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Dietz, Howard (08 September 1896–30 July 1983), lyricist and publicity director, was born in New York City, the son of Herman Dietz, a jeweler, and Julia Blumberg. While a student at Townsend Harris Hall, a public high school for unusually able students, Dietz took a job as a copyboy on a newspaper, the ...

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Fishback Antolini, Margaret (10 March 1900–25 September 1985), poet and advertising copywriter, was born in Washington, D.C., the daughter of Frederick Lewis Fishback and Mabel Coleman. Her parents' occupations are unknown. She graduated from Central High School (now Cardozo Senior High School) in Washington, D.C., in 1917 and went on to Goucher College in Baltimore, Maryland, from which she graduated as a member of Phi Beta Kappa in 1921. She taught English and history at Columbia Junior High School in Washington, D.C., for her first year after college. The next year she found a job in New York City in the organizational department of Tamblyn & Brown, a prominent fund-raising firm, but she soon found more creative work in the advertising division of R. H. Macy & Company, where she was quickly promoted. In 1926 she started at Macy's as an assistant copywriter, and in two weeks she was promoted to divisional copywriter. From 1930 to 1942 she held the rank of institutional advertisement writer, and from 1940 to 1942 she was chief copywriter for the company....

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Malcolm Stevenson Forbes. Platinum print, 1985, by Thomas John Shillea. National Portrait Gallery, Smithsonian Institution; gift of the A.W. Mellon Educational and Charitable Trust.

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Forbes, Malcolm Stevenson (19 August 1919–24 February 1990), publisher, was born in New York City, the son of Bertie Charles Forbes, a newspaper columnist and and Adelaide Stevenson. Reared in a comfortable, upper-middle-class home in Englewood, New Jersey, Forbes attended private schools in Tarrytown, New York, and Lawrenceville, New Jersey. He graduated from Princeton University with a major in political science in 1941, and with the support of his father, the founder of ...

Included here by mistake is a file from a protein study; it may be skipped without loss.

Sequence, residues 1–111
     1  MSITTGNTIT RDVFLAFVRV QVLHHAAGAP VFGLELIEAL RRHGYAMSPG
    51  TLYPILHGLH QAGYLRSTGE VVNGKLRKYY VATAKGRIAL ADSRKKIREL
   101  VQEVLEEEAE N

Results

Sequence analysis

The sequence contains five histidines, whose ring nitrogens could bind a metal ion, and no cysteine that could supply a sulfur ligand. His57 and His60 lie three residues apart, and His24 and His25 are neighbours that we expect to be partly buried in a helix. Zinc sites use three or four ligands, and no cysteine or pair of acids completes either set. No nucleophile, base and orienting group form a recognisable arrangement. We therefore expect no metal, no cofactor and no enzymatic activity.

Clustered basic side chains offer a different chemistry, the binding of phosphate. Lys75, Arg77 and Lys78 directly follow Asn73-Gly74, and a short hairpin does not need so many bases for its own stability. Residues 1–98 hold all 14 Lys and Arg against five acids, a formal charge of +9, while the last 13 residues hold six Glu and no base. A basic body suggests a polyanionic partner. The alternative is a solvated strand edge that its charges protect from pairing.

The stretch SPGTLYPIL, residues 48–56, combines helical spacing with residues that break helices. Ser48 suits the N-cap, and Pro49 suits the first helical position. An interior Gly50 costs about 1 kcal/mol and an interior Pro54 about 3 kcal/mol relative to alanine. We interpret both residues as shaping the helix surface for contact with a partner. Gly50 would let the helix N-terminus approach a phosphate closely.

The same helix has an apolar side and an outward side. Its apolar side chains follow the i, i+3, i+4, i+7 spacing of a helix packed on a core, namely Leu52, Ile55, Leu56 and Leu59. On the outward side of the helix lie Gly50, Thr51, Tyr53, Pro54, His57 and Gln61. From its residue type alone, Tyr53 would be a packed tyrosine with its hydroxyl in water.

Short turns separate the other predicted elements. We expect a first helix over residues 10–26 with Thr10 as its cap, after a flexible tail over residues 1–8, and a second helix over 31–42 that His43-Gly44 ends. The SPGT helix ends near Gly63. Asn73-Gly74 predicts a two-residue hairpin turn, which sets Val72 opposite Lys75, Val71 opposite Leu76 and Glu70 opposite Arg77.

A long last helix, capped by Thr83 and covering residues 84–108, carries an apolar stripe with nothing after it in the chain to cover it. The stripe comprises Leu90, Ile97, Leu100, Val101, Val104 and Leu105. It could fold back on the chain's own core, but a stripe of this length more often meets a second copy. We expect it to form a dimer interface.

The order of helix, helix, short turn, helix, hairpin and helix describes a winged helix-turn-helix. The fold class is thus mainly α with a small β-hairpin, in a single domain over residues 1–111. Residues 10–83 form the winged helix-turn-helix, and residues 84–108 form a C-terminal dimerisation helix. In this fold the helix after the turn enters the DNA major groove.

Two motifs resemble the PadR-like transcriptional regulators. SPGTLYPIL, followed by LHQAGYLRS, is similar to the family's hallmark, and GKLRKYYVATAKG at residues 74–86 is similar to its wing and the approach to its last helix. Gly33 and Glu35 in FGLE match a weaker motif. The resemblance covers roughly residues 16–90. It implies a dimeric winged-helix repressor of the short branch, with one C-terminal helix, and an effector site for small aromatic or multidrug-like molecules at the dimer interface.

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Johnson, William (1809–17 June 1851), diarist and entrepreneur, was born in Natchez, Mississippi, the son of William Johnson, a slaveholder, and Amy Johnson, a slave. When William was five years old his mother was emancipated and established her household in Natchez. In 1820 the eleven-year-old William was freed by the Mississippi legislature at the request of his owner. Once emancipated, he apprenticed with his brother-in-law, James Miller, in his barber business in Natchez. Johnson became proprietor of the business—reportedly the most popular barber shop in Natchez—when Miller moved to New Orleans in 1830. Johnson and his African-American staff ran the shop, which served a predominantly white clientele. Johnson’s barbers not only offered haircuts and shaves, they also fitted wigs, sold fancy soaps and oils, and, beginning in 1834, operated a bathhouse at the Main Street location....

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Knight, Sarah Kemble (19 April 1666–25 September 1727), diarist and businesswoman, was born in Boston, Massachusetts, the daughter of Thomas Kemble, a merchant, and Elizabeth Trerice. She married Richard Knight of Boston, of whom little is known, and had one child.

The Boston census in 1707 recorded that Sarah Knight, then a widow, headed her deceased father’s Moon Street household and shop. She kept boarders and may also have taught school. Knowledgeable about law, she served as a copier of legal documents and witness to one hundred or more deeds. In 1704, she traveled to New York to settle a family estate, keeping a diary of her journey that was first published in 1825 in ...